DM: Thanks for interviewing me Tim. I have always loved the outdoor sports; rock climbing, mountaineering, trail running, combinations of long outdoor sports like mountain biking to make up adventure races with a team, ice hockey, you name it. I grew up in Maine hunting and fishing and the bait and bullet stuff, and played alot of soccer.

During college I ran the local trails at the University of New Hampshire to stay in shape for soccer, then after moving to Colorado I ran the Mosquitoe Pass Half Marathon and the inaugural Breckenridge Crest Mt Marathon and just loved it. I ran 50k’s in the late 90’s at Chatfield Reservoir in Denver and was sponsored by Montrail with some shoes, then my first 50 miler in 2001 at the San Juan Solstice 50 miler, barely beating Nate McDowell, which was a big deal to me because he was such a top runner then. I did a few adventure races with Team Salomon in some super cool exotic locations in Morocco, northern Sweden, and Argentina, but didn’t really latch onto it until our team, Team Spyder with Danelle Balangee and Travis Macy, got money to sponsorship to send us around the world and even pay us to do it! We had alot of fun and wonderful experiences racing with each other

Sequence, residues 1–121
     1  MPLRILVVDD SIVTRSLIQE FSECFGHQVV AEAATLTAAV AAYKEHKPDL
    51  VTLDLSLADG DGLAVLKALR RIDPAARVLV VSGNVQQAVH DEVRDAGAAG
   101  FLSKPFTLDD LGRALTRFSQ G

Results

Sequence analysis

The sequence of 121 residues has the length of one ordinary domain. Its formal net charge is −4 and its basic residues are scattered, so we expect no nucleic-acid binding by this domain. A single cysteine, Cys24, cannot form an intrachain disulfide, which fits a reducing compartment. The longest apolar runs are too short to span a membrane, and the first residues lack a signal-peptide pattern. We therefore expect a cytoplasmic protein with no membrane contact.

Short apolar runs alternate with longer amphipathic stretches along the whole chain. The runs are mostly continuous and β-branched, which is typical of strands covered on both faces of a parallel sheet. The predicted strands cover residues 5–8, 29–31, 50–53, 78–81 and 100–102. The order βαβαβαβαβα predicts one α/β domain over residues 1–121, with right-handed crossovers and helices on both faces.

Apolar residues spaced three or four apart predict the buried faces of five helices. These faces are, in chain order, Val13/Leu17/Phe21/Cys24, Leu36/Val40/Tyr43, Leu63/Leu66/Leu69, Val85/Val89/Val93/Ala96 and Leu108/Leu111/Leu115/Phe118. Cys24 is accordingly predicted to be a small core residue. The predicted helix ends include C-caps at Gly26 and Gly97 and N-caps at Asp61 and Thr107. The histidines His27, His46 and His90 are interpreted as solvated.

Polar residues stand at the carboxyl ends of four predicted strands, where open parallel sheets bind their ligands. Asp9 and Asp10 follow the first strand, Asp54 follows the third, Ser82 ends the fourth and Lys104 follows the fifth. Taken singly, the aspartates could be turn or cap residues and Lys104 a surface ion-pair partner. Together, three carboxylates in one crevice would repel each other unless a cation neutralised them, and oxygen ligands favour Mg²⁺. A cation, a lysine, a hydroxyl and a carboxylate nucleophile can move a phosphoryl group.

and many other international teams countries.

So to answer your question, I actually ran trail races and ultras well before I discovered adventure racing. It was an easy transition overall, and the simplicity of pure trail running compared to multisport is refreshing.

FF:  Wow, what an awesome first 50 miler memory!  You’re one of the most focused and serious athletes I’ve met.  From personal experience I notice you don’t talk or even acknowledge competitors once the gun goes off.  Have you always been focused like that in all sports?